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Caesarean birth in women with infertility: population-based cohort study


Objective — Caesarean section (CS) is more common following infertility treatment (IT), but the reasons why remain unclear and confounded. The Robson 10-Group Classification System (TGCS) may further explain variation in CS rates. We assessed the association between mode of conception and CS across Robson groups.

Design — Population-based cohort study.

Setting — Ontario, Canada, in a public healthcare system.

Population — 921,023 births, 2006-2014.

Methods — Modified Poisson regression produced relative risks (RR) and 95% confidence intervals, comparing the risk of CS among women with (i) subfertility without IT, (ii) non-invasive IT (OI, IUI), or (iii) invasive IT (IVF) – each relative to (iv) spontaneous conception (SC).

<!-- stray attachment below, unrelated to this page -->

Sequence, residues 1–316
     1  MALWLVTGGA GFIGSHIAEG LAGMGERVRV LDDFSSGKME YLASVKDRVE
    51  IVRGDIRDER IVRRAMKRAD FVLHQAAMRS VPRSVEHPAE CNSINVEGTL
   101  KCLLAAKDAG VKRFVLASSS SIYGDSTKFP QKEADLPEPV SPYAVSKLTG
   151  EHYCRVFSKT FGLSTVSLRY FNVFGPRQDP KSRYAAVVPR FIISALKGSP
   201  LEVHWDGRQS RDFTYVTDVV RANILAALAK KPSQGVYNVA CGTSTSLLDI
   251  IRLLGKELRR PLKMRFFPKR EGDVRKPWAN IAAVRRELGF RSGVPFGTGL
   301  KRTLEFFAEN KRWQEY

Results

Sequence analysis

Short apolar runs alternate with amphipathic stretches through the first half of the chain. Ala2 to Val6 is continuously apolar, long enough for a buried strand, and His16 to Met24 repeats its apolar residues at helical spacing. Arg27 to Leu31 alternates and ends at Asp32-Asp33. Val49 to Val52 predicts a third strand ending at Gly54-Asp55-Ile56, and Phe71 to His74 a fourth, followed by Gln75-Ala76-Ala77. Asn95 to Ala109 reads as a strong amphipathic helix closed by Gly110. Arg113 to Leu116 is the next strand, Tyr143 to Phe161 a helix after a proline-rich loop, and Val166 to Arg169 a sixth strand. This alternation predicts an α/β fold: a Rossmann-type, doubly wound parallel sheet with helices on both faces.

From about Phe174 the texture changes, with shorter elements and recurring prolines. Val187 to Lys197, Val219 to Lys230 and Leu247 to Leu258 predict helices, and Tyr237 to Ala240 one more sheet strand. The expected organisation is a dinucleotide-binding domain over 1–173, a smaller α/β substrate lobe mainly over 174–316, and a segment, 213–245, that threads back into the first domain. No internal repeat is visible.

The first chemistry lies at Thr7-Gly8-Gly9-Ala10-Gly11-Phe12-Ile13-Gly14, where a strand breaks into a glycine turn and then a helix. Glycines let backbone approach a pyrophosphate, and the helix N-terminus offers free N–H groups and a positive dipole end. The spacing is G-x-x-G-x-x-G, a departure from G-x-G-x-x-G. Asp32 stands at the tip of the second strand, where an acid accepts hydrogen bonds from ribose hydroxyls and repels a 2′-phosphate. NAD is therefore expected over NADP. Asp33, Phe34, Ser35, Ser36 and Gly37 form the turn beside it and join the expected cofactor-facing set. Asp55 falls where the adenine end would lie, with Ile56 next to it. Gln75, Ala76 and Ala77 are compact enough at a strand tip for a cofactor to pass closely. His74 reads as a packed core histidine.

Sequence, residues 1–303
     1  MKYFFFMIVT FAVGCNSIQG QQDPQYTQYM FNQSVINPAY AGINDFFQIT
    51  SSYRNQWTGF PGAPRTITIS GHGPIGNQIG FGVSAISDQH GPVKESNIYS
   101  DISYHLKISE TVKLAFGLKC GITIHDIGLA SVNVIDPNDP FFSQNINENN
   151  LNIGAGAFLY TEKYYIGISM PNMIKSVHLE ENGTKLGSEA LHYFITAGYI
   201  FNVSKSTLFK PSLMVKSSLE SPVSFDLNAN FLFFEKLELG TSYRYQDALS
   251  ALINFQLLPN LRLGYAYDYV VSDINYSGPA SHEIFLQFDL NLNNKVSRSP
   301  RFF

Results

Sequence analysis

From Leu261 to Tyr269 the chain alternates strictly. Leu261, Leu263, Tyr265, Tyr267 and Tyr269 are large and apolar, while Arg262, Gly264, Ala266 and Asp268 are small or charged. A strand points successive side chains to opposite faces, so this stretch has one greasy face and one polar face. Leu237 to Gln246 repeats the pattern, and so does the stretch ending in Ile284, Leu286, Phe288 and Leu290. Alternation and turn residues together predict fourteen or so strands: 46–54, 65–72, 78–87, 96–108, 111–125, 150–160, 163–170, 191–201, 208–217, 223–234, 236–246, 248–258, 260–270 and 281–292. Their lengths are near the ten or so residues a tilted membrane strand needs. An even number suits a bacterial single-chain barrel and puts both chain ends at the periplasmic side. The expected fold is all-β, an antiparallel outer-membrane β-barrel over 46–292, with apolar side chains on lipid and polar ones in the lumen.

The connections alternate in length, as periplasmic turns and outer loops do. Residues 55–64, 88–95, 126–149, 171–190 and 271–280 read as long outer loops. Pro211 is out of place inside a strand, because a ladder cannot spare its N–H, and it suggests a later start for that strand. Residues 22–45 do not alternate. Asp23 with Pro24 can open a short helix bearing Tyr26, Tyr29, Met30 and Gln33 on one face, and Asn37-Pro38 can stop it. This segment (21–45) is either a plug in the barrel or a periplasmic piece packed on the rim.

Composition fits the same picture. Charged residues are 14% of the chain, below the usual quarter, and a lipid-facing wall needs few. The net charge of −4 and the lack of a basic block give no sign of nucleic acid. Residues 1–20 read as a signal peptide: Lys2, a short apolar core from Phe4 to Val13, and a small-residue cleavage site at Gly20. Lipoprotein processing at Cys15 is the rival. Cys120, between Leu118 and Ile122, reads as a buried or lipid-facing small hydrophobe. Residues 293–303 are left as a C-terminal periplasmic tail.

Main Outcome Measures — CS rate according to one of four modes of conception, overall, and stratified by each of the TGCS groups.

Results — Relative to SC (26.9%), the risk of CS increased in those with subfertility without IT (RR 1.17; 1.16-1.18), non-invasive IT (RR 1.21; 1.18-1.24), and invasive IT (RR 1.39; 1.36-1.42). Within each Robson group, similar patterns of RRs were seen, but with markedly differing rates. For example, in Group 1 (nulliparous, singleton, cephalic at ≥ 37 weeks, with spontaneous labour), the respective rates were 15.0%, 19.4%, 18.7%, and 21.9%. In Group 2 (nulliparous, singleton, cephalic at ≥ 37 weeks, without spontaneous labour), the rates were 35.9%, 44.4%, 43.2%, and 54.1%, while in Group 8 (multiple pregnancy), they were 55.9%, 67.5%, 65.0%, and 69.3%, respectively.

Conclusions — CS is relatively more common in women with subfertility and those receiving IT – an effect that persists across Robson groups.



Richmond E, Ray JG, Pudwell J, Djerboua M, Gaudet L, Walker M, Smith GN, Velez MP. BJOG. 2022; 129(6):908-16. Epub 2021 Nov 19.

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